ICANN has published a preliminary schedule for its first new gTLD contention set auctions, which would see the first batch hit the block on June 4 this year.
The plan is now to sell off roughly 20 strings every month, with the last lot going under the hammer in March 2015, a full year from now.
Each contention set, of which there are 233, has been allocated to a batch, ordered by the applicants with the best position in the prioritization queue governing all aspects of the new gTLD program.
But each batch is filled with sets that have either already been resolved or which are currently “ineligible” for auction for one reason or another.
Ineligible contention sets are those that include an application that has, for example, an outstanding change request or a piece of unresolved Governmental Advisory Committee advice.
For example, the 12 applications for .app are scheduled for a July auction, but none of them are going anywhere until the GAC advice against the string goes away.
Naturally enough, ICANN says it’s a preliminary schedule that is subject to a lot of change.
Applicants in contention sets may nevertheless draw comfort from the fact that these auctions finally seem to have firm dates. The auctions were originally slated to start this month.
The first four Community Priority Evaluation results are in, and all four applicants flunked by failing to prove a “nexus” between the new gTLD string and the community they purport to represent.
No applicant score more than 11 points of the 14 necessary to pass. A total of 16 points are available.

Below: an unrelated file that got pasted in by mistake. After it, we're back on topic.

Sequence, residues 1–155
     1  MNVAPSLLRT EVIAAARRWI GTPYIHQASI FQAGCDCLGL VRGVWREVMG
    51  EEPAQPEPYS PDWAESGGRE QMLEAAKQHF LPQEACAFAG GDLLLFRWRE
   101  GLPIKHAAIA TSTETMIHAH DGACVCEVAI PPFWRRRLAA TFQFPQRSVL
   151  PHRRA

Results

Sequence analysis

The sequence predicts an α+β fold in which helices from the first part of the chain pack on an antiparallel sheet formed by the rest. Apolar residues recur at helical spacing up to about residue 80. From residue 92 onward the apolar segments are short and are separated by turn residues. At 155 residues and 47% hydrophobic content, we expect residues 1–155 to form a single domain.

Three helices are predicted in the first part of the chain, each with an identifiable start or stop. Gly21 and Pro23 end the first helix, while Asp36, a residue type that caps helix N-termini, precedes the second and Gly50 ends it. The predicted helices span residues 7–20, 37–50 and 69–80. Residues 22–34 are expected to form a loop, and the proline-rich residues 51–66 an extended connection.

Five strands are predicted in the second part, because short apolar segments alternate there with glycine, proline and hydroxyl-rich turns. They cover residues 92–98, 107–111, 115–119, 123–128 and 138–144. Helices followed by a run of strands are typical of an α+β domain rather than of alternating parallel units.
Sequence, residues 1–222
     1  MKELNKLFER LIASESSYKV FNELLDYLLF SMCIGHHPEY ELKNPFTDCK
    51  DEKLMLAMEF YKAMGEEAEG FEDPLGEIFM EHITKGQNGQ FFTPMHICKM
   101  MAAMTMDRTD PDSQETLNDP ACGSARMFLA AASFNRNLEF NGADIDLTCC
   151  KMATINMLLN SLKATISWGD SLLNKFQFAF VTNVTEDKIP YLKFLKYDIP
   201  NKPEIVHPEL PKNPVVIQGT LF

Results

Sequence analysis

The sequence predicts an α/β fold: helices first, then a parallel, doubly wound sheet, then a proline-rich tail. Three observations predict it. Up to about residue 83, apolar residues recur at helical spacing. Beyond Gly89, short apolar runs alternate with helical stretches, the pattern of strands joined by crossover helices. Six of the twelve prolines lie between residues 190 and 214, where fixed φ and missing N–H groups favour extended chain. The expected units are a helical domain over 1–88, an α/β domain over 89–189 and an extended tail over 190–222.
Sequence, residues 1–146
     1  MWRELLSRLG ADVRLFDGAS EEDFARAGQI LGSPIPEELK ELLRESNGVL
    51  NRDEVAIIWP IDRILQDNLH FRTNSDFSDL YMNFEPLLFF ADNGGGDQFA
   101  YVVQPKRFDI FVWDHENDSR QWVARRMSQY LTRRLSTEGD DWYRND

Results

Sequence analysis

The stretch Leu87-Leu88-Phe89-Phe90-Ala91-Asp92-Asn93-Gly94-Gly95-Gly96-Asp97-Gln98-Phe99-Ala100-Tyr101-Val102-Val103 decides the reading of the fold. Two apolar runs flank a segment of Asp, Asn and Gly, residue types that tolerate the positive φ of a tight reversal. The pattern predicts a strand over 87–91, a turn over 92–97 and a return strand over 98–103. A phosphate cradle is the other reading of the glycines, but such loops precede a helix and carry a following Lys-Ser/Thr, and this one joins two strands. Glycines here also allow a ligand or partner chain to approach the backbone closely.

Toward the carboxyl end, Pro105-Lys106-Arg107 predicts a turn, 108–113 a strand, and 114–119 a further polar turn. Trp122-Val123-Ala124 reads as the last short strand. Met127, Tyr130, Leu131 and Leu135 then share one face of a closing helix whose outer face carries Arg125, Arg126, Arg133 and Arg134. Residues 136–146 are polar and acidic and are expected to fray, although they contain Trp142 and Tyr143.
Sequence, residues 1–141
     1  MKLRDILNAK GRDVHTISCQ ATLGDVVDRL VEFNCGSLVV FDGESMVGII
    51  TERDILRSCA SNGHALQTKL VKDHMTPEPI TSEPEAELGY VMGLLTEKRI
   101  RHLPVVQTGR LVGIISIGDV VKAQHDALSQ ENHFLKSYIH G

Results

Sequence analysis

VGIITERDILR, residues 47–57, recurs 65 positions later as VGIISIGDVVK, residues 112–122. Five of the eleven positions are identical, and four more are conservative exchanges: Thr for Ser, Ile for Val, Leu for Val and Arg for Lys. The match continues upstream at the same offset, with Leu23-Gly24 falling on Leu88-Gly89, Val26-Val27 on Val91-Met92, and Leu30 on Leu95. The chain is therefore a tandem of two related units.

Winning a CPE automatically wins a contention set — all the other applicants for the same new gTLD must withdraw — so it’s a deliberately difficult test.
The scoring mechanism has been debated for years. Scoring 14 points unless the gTLD string exactly matches the name of your organization has always struck me as an almost impossible task.
The first four results appear to substantiate this view. Nobody scored more than 0 on the “nexus” requirement, for which 4 points are available.
The four CPE applicants were: Starting Dot (.immo), Taxi Pay (.taxi), Tennis Australia (.tennis) and the Canadian Real Estate Association (.mls). All four were told:
The string does not identify or match the name of the community, nor is it a well-known short-form or abbreviation of the community.
In some cases, the evaluation panel used evidence from the applicant’s own applicant to show that the string “over-reaches” the community the applicant purported to represent.
The application for .Taxi defines a core community of taxi companies and drivers, as well as peripheral industries and entities.
While the string identifies the name of the core community members (i.e. taxis), it does not match or identify the peripheral industries and entities that are included in the definition of the community
In other cases, the panel just used basic common sense. For example, Tennis Australia was told:
Tennis refers to the sport and the global community of people/groups associated with it, and therefore does not refer specifically to the Tennis Australia community.
Starting Dot (.immo) and Taxi Pay (.taxi) both also scored 0 on the “Community Establishment” criteria where, again, 4 points were available.
In that part of the CPE, the applicants have to show that their community is clearly delineated, organized, and long-standing.
In both cases, the panel found that the communities were too eclectic, too disorganized and too young — neither existed before the new gTLD program kicked off in September 2007.
It’s not looking promising for any of the 14 CPE applicants listed by ICANN here. I’ll give $50 to a charity of the applicant’s choosing if any of them scores more than 14 points.